Only two ‘breakthrough’ Covid infections found among 417 vaccinated people at a New York City university, study finds
- Researchers looked at 417 employees at Rockefeller University in New York City who received both doses of the Pfizer-BioNTech or Moderna vaccines
- Just two people, 0.5%, tested positive more than two weeks after getting their final dose in so-called ‘breakthrough cases’
- One case featured the E484K mutation, first identified in the South African and Brazilian variants, and the other the S477N mutation, seen in the NYC variant
- The patients, both of whom were women, had mild infections and easily recovered
- Experts say the data show that vaccines are effective but that mutations can evade the antibody response from the immune system
Less than one percent of people at a New York City school who were fully immunized with the COVID-19 vaccine tested positive for coronavirus, a new study finds.
These so-called ‘breakthrough cases’ occur when people test positive for the virus at least 14 days after receiving their final dose of the vaccine, and which officials say is not surprising.
Researchers found that just two people – or 0.5 percent – out of 417 employees at Rockefeller University who received both doses of the Pfizer-BioNTech and Moderna vaccines later contracted the virus.
Both patients had mild infections and easily recovered.
The data show how well the vaccines work in real life and suggest that falling ill with COVID-19 after being fully vaccinated is very rare.
Just two people out of 417 employees at Rockefeller University in New York City who were fully vaccinated against COVID-19 later tested positive for the virus. Pictured: Maritza Nieves (right) is tested for coronavirus antibodies in Santa Fe Springs, California, April 21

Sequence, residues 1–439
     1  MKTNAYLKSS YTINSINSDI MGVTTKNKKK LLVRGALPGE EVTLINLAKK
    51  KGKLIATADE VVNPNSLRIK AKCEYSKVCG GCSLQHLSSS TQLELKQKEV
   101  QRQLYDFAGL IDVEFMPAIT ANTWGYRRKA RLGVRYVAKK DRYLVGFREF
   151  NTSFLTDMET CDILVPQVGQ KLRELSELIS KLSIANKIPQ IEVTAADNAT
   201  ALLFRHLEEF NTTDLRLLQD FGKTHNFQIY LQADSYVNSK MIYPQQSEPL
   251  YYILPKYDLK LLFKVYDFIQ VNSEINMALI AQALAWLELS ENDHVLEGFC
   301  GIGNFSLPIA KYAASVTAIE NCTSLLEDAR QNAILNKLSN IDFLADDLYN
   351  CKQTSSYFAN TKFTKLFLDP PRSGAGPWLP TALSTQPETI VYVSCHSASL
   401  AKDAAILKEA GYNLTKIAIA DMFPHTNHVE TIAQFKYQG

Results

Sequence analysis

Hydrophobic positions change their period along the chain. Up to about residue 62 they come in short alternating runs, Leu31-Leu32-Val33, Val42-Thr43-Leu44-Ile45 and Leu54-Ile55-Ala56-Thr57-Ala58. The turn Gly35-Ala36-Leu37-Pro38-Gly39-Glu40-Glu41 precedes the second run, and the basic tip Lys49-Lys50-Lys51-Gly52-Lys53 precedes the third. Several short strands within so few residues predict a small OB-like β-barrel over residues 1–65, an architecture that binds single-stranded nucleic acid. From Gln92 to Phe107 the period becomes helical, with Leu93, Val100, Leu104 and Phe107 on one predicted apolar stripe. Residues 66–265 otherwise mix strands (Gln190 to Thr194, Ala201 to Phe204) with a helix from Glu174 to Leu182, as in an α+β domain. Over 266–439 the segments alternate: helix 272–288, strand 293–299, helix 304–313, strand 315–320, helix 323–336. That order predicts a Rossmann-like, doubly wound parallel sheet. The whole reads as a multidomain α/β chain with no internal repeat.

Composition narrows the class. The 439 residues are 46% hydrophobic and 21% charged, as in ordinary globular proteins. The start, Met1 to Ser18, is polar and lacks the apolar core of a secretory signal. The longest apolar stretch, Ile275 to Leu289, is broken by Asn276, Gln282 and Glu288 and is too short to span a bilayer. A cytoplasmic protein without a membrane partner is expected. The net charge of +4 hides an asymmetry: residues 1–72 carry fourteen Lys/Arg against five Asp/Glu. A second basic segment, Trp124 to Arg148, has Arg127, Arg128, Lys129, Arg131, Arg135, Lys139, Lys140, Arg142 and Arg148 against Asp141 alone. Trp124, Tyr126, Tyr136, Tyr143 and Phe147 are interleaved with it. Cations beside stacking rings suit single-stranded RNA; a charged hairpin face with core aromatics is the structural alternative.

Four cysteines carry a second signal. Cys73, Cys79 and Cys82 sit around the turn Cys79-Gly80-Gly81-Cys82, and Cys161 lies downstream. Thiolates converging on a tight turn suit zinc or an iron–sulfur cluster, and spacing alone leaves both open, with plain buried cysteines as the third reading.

One case featured the E484K mutation (middle), first identified in the South African and Brazilian variants, and the other the S477N mutation (right), seen in the NYC variant
Experts have warned that breakthrough cases will continue to occur as tens of millions of people are vaccinated across the country.
In clinical trials, the Pfizer-BioNTech’s vaccine was 95 percent effective in preventing symptomatic disease and the Moderna vaccine was 94.5 percent effective,
Meanwhile, real-world data showed the Pfizer jab was 91 percent effective against all disease for at least six months and the Moderna vaccine was 90 percent effective.
This means that fully vaccinated people are between 90 and 95 percent less likely to develop COVID-19 than unvaccinated people.
‘We have characterized bona fide examples of vaccine breakthrough manifesting as clinical symptoms,’ the authors of the new study, published in The New England Journal of Medicine, wrote.
‘These observations in no way undermine the importance of the urgent efforts being taken at the federal and state levels to vaccinate the U.S. population.’
The two people who were vaccinated were both women, both of whom had mild cases and recovered easily.
Experts say the data show that vaccines are effective but that mutations can evade the antibody response from the immune system (seen with patient 1)
The first case was a 51-year-old who received her second dose of the Moderna vaccine on February 19. She tested positive for coronavirus just 19 days later.
The second case was a 65-year-old woman who was given her second dose of the Pfizer vaccine on February 9.
Three weeks later, on March 3, her unvaccinated partner tested positive, with the woman testing positive herself on March 17.
Results from genome sequencing found that coronavirus variants caused the breakthrough infections rather than the original virus.
Samples from the first patient showed the E484K mutation, first identified in the South African and Brazilian variants.
Studies have found that this mutation more easily escapes vaccines and reduces the effects of antibody neutralization,
Meanwhile the second patient was found to have the S477N mutation, most commonly seen in the New York City homegrown variant.
It comes just one week after the Centers for Disease Control and Prevention (CDC) revealed less than 0.01 percent of Americans been fully vaccinated against COVID-19 later contracted the disease.
‘So far, about 5,800 breakthrough cases have been reported to CDC,’ the federal health agency wrote to CNN in an email.
‘To date, no unexpected patterns have been identified in case demographics or vaccine characteristics.’
The CDC also told CNN that seven percent of those 5,800 cases – or 396 people – were later hospitalized and 74 of them died of COVID-19.